As we have dicussed in the last article, Backgammon is a game of talent and luck. The aim is to move your chips carefully around the game board to your inside board while at the same time your opponent shifts their checkers toward their inside board in the opposite direction. With opposing player pieces shifting in opposite directions there is bound to be conflict and the need for particular strategies at particular instances. Here are the two final Backgammon plans to complete your game.

The Priming Game Strategy

If the goal of the blocking tactic is to hamper the opponents ability to shift her pieces, the Priming Game tactic is to absolutely block any activity of the opposing player by assembling a prime – ideally 6 points in a row. The opponent’s chips will either get bumped, or result a damaged position if he at all attempts to leave the wall. The trap of the prime can be established anywhere between point two and point eleven in your half of the board. As soon as you have successfully built the prime to stop the activity of your competitor, the competitor does not even get to roll the dice, and you shift your pieces and roll the dice again. You will be a winner for sure.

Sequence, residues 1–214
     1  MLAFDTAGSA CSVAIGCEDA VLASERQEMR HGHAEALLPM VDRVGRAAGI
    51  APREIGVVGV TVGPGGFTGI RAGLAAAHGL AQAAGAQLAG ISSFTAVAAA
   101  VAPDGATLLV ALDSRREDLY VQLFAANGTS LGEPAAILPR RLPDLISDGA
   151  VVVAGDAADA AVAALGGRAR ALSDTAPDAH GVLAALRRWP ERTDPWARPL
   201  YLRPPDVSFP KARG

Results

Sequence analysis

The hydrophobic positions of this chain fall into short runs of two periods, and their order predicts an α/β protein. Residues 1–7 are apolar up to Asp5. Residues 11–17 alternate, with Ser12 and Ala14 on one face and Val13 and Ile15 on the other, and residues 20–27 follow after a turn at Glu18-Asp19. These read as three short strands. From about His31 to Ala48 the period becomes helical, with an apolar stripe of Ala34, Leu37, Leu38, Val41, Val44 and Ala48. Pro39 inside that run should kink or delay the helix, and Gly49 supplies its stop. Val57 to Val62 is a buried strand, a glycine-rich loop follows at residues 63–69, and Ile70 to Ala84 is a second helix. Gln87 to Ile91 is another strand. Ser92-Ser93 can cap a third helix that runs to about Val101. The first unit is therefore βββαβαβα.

The Back Game Plan

The objectives of the Back Game technique and the Blocking Game tactic are similar – to hinder your opponent’s positions with hope to boost your chances of succeeding, however the Back Game tactic uses seperate tactics to do that. The Back Game strategy is generally employed when you’re far behind your competitor. To participate in Backgammon with this tactic, you need to control 2 or more points in table, and to hit a blot (a single piece) late in the game. This strategy is more complex than others to use in Backgammon because it needs careful movement of your chips and how the pieces are moved is partially the outcome of the dice roll.